The Science Panel considered all studies to date of the relationship between C8 and cancer or diabetes.  One of the most important studies on which the findings were based was a follow-up study of 32,000 people conducted in 2009-2011 (28,000 community workers and 4,000 DuPont workers).  Medical history was collected and the panel sought medical records confirming any diseases reported.

The Science Panel validated 2,420 diagnoses of primary cancer of the 3,636 study subjects reporting having cancer of 21 different types.  These were validated through medical record review and the state cancer registry data.

The panel estimated the level of C8 in the blood of study subjects over time before cancer occurred, relying on records of past emissions from the DuPont plant and the residential history of the study subjects.

The panel then determined whether those study participants who had higher levels of C8 in their blood over time had higher levels of cancer.  The only two cancers where a reasonably consistent and strong relationship between past exposure and cancer was found were testicular cancer and kidney cancer, both rare.

Testicular cancer is considered highly treatable, if detected early.  Swelling of the testicles is a symptom of the disease.  Successful kidney cancer treatment is more problematic depending on when it is diagnosed and the particular type of cancer involved.  Kidney cancer symptoms include blood in the urine, back pain, and swelling in the legs.  But sometimes it exhibits no symptoms and is only discovered in a medical examination.

The Science Panel also performed a geographical study in this first series.  Here, the panel looked at data from all registered cancers supplied by the Ohio and West Virginia Health Departments.  They compared cancer rates in exposed areas in the Mid-Ohio Valley versus non-exposed areas.  The panel found that areas with the highest rates of testicular cancer were the areas with the highest C8 exposure.  A similar, but less consistent and less pronounced result was found for kidney cancer.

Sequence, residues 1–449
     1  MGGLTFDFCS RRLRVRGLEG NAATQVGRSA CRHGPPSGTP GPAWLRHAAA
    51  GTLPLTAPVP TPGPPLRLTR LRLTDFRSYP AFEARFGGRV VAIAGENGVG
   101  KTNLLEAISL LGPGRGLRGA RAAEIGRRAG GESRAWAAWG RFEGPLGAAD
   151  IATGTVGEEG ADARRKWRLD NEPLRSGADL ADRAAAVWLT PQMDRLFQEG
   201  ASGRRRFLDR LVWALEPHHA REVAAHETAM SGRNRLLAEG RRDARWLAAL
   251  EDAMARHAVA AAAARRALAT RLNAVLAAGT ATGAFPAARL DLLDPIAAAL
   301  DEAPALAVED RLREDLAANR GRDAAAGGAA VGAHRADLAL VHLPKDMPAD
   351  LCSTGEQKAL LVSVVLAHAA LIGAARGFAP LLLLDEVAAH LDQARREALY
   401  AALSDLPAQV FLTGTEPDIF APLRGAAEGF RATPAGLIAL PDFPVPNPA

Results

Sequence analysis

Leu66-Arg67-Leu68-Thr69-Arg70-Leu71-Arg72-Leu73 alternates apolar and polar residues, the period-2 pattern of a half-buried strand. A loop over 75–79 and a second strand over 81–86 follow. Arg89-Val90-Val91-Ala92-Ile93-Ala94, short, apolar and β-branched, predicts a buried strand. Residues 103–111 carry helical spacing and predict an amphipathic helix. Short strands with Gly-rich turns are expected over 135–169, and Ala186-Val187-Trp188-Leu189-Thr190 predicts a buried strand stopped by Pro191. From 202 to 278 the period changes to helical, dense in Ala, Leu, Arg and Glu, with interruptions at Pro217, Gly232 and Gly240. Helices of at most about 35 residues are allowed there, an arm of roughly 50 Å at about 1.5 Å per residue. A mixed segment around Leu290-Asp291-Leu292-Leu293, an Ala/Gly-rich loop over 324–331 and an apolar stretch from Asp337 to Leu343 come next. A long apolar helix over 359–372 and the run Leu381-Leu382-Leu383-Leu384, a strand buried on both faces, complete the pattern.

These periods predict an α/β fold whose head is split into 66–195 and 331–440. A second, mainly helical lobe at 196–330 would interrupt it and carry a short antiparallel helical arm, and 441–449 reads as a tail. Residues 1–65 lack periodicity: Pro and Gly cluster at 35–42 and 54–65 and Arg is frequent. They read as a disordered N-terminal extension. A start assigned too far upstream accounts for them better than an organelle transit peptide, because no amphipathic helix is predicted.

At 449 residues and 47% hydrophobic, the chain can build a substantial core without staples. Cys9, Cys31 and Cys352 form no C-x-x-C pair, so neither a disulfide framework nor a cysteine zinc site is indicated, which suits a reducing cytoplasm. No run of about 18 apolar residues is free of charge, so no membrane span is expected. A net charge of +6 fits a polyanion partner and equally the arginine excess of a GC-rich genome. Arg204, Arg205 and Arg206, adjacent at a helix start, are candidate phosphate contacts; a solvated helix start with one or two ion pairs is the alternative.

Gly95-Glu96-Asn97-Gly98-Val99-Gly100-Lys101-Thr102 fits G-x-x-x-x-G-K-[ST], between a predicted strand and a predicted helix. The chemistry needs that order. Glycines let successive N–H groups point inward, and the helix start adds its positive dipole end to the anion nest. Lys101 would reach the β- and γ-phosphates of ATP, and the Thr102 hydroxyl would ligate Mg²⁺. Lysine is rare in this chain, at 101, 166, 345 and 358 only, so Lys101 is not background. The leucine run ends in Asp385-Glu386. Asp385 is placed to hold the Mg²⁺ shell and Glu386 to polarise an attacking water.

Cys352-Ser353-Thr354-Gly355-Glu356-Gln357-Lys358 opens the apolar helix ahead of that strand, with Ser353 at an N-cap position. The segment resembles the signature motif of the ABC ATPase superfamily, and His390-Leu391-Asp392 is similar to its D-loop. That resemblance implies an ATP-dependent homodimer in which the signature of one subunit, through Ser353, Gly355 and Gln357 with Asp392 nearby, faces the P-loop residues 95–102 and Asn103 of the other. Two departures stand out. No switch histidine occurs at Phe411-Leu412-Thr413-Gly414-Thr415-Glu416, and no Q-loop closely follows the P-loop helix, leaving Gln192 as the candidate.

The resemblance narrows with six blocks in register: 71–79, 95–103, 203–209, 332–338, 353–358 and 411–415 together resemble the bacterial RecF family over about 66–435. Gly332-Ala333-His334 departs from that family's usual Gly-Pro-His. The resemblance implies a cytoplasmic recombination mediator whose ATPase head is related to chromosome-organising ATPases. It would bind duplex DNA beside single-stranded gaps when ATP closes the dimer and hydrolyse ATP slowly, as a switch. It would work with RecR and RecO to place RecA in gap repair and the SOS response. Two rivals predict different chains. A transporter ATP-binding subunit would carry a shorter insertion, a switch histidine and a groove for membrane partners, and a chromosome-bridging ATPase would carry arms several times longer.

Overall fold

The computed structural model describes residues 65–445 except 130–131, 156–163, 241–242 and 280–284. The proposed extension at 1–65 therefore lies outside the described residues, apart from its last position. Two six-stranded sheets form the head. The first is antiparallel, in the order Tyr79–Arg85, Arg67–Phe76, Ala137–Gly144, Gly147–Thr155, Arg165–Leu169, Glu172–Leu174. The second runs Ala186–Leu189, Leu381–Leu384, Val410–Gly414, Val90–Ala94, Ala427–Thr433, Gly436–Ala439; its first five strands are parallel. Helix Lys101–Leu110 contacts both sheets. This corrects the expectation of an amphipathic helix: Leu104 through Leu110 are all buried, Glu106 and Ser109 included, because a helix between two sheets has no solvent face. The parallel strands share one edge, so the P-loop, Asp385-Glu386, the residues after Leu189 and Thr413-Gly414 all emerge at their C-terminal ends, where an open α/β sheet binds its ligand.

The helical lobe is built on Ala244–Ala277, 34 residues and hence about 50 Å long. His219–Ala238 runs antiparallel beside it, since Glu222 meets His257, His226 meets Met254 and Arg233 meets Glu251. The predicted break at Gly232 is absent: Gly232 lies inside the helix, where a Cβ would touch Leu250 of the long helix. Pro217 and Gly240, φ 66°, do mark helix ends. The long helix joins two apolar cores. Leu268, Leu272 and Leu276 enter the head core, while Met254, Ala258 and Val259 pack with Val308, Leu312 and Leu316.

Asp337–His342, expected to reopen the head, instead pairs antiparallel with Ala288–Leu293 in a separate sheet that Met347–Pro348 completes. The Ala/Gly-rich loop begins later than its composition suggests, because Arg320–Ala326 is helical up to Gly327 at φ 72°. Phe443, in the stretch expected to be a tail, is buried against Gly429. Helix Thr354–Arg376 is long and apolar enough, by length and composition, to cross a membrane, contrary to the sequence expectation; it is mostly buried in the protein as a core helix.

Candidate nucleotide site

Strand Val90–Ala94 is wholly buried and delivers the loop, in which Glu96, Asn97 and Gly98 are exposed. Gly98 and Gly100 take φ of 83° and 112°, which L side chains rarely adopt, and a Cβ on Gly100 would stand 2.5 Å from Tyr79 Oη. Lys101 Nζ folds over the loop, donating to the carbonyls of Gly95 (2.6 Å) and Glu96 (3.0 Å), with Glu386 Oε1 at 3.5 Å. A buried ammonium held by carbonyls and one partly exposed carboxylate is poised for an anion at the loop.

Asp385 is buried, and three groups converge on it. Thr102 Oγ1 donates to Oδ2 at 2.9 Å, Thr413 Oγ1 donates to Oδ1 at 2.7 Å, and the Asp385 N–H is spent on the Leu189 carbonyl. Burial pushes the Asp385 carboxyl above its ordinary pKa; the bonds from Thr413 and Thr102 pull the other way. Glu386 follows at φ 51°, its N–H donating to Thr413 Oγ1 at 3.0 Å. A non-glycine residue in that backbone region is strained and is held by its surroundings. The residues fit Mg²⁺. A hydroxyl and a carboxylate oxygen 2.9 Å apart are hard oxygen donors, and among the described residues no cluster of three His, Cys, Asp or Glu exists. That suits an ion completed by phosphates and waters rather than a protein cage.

To learn more about legal representation available to C8 victims, please contact the law firm of Slater & Zurz LLP and find out if you may have a claim involving C8 and your health.  Contact the firm at 1-888-534-4850 or go to their website and fill out a FREE CASE REVIEW form.  The website is www.slaterzurz.com.

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About slaterzurz

Slater & Zurz LLP is an Ohio law firm of highly experienced and respected attorneys. Over the last 40 years, we have developed a reputation for getting positive results for clients. We've been trusted with handling over 20,000 personal injury cases and our clients have received more than $120,000,000.

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One Comment on “First Series of C8 Reports Found Links to Kidney Cancer and Testicular Cancer”

  1. Shawn Brodell Says:

    Hi thank you. i have referenced this article for my assignment. Thanks

    Reply